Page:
[xmonad] Splitting into xmonad-core/xmonad/xmonad-contrib; WAS Small announce about the completion of the bluetile merge

Chris Jones cjns1989 at gmail.com
Tue Feb 16 03:12:40 EST 2010

On Mon, Feb 15, 2010 at 01:38:16PM EST, Adam Vogt wrote:
> * On Monday, February 15 2010, Chris Jones wrote:
> >[..]
> >
> >Obviously not for me to have a say in this, but I'd much prefer folks
> >who have mastered this stuff wrote a detailed manual on xmonad
> >configuration.
> >
> >CJ
> Hello Chris,

Hello Adam,

> What is missing from the present documentation that you would like to
> see in this detailed manual?

I think that if I was able to provide a useful answer to your question,
I should already be on my way to writing the manual. :-)

Seriously.. here's the context: 

Over the years, I have toned down my current window manager of choice's
functionalities to a barebones environment that does what I need and
nothing else.. namely:

1. provide multiple workspaces 

2. let me bind a few keyboard actions to launching frequently used
   applications, mainly 256-color xterms and differently configured
   instances of GNU screen

3. binding keys to navigating workspaces

Naturally, I wanted to do the same thing in xmonad, which once I had
tried it out of the box basically amounted to changing default workspace
navigation keybindings and adjusting the terminal definition.

One additional requirement, something I do not have in my current window
manager setup was to have xmonad display stuff I like to keep an eye on
at all times, such as CPU temperature, CPU%, mem%, swap%, network RX/TX,
as well as the current date and time and outside temperature as recorded
by my local weather station.

I was not planning on anything fancy, just numbers, pretty much what I
have implemented via short home-grown scripts in my current GNU/screen
environment, but with one important difference: 

With my current setup, each instance of GNU/screen runs separate
instances of my monitoring scripts, which is not optimal.

So my needs were very modest indeed, and after a bit of digging, some
copy-pasting and the usual trial and error cycles, I was able to pretty
much set up the above environment in xmonad without bothering anybody
here or on the IRC channel with questions you folks must have already
answered hundreds of times.

All the same, I have the following observations:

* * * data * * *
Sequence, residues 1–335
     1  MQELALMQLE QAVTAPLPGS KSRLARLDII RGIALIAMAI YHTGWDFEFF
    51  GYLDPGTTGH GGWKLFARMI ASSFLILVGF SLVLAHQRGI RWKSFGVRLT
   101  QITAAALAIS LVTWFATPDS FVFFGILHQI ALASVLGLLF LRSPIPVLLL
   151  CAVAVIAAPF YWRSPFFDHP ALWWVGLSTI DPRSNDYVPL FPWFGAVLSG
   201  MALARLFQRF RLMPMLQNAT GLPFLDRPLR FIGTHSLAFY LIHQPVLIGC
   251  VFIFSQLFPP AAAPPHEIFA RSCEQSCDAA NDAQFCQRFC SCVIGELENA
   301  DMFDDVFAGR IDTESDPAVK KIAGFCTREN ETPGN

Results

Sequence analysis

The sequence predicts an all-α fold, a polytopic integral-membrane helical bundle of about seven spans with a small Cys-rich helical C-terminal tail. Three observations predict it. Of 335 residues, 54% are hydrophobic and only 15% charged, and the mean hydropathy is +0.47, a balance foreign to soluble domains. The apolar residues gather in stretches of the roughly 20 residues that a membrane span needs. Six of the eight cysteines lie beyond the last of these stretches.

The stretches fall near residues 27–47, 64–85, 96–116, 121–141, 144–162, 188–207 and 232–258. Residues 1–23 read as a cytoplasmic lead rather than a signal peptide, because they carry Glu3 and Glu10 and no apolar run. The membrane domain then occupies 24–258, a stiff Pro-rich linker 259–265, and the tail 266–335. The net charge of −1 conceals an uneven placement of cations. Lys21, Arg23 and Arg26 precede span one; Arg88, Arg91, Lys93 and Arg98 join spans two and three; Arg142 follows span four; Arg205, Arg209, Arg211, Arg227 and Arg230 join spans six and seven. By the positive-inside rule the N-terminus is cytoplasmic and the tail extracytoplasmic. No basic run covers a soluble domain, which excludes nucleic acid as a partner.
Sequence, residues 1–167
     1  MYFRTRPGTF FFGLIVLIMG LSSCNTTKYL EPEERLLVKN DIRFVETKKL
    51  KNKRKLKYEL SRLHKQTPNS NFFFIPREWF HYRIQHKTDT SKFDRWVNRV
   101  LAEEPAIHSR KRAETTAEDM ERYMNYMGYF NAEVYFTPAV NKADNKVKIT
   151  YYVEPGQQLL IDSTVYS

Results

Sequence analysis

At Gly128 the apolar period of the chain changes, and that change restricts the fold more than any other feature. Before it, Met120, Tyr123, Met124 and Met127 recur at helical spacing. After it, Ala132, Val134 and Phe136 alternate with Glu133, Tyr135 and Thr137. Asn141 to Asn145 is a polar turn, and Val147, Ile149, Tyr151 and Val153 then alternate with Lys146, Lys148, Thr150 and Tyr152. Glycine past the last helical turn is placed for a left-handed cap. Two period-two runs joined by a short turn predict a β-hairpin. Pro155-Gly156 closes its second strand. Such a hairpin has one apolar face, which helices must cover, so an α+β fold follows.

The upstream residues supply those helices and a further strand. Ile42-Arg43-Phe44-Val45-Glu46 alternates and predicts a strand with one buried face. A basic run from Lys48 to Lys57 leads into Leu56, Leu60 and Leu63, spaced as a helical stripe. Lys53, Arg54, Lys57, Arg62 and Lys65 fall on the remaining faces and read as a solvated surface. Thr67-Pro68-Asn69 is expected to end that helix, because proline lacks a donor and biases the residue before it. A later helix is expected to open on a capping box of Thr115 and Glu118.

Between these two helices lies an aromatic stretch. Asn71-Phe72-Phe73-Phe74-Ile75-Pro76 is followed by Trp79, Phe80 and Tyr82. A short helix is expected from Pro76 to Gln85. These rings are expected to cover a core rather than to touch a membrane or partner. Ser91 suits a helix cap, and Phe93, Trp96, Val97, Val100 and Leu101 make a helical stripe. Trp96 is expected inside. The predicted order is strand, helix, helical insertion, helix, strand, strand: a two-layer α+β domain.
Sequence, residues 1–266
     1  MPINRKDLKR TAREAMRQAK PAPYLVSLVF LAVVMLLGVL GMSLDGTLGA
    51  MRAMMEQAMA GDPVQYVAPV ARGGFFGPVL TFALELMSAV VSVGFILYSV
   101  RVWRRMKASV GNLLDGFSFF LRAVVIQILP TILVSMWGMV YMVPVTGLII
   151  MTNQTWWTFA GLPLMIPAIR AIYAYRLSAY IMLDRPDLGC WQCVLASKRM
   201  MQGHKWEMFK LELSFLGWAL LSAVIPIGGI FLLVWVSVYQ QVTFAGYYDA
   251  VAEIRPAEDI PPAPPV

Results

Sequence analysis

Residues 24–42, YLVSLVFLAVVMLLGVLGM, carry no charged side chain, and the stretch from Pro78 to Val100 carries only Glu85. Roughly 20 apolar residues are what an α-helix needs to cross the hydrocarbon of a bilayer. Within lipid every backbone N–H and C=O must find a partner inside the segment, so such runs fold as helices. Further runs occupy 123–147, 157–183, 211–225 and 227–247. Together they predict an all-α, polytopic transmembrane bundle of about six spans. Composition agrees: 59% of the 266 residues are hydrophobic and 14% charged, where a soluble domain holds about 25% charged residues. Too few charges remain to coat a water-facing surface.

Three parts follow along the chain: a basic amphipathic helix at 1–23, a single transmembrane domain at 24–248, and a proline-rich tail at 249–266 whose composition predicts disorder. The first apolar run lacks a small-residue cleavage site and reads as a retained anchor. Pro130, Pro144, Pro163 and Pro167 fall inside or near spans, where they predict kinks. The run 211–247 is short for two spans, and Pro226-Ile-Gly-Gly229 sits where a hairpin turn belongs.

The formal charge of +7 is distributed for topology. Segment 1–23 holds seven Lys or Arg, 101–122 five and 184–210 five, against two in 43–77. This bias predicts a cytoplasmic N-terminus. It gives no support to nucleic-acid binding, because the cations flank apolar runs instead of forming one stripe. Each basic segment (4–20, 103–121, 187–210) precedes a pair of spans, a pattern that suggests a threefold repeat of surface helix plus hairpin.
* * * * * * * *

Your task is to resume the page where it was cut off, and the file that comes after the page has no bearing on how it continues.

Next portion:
1. It would have been much better if I had been able to work with a
   document that walked me through the above configuration instead of
   having to dig for it in various places.

2. At this point, I have a file called xmonad.hs, that appears to do
   what I want, but since it was created by copy-pasting other users'
   configuration files, I have only a very vague idea how it does it. 

For instance, I have the following:

import XMonad
import XMonad.Hooks.DynamicLog
import XMonad.Hooks.ManageDocks
import XMonad.Util.Run(spawnPipe)
import XMonad.Util.EZConfig(additionalKeys)
import System.IO

What does this do? Why do I need it? Do I really need this? all of it?

And further down:

main = do
    xmproc <- spawnPipe "/usr/bin/xmobar /home/me/.xmobarrc"
    xmonad $ defaultConfig
        { manageHook  = manageDocks <+> myManageHook 
                        <+> manageHook defaultConfig

Same questions, basically.. And also what's a '$'.. what's a '<+>'..

Don't take me wrong, I am not being critical, I got xmonad to basically
do what I need with possibly less frustration than if I was configure
supposedly user-friendly desktops such as gnome, kde, etc. 

I was mainly wondering if it might be possible to have a document that
takes a user who has little or no programming experience, and no prior
knowledge of Haskell, just some fluency with an editor and the keyboard,
and make configuring xmonad a meaningful experience, giving said user at
least a general idea of what he is doing and why he needs to do it,
rather than giving him a feeling that he's taken a dive into a dark pit,
should count his blessings he's still alive but has come out none the

No question that there are probably other new users out there who might
want to set up something a bit more fun, with additional functionality,
and maybe some eye candy and bells and  whistles I have no use for. And
it's true that the FAQ in particular does at least partially answer
quite a few questions regarding individual practical aspects of the
configuration, but they are all pretty much in terms of "copy-paste" the
following two lines to xmonad.hs and hit mod+q.

I know too little to be in a position to answer the question: is it
possible to write such a document, and what would form it could take..
maybe it would turn out to be a short Haskell tutorial focusing on what
parts of the language are necessary to configure xmonad?

As stated before, I don't think a new user like me can speculate about
this but what I do see is that in this same thread, using somewhat
different terms, Ralph Hofmann, one other recent newcomer pretty much
felt the same about the current documentation, it's basically OK, "aber
etwas fehlt" (something is missing).

I do wish I could be a little more specific, but as hinted above, if I
could clearly identify what's missing, I probably have all the answers
already: I'm pretty much in the position of the caveman who vaguely
suspects that there ought to be a quicker better way to pay a visit to
his cousins in the neighboring valley than trudging barefoot through
mounds of snow, but unfortunately for him, it's another 30,000 years
before someone more knowledgeable decides it's time to invent the



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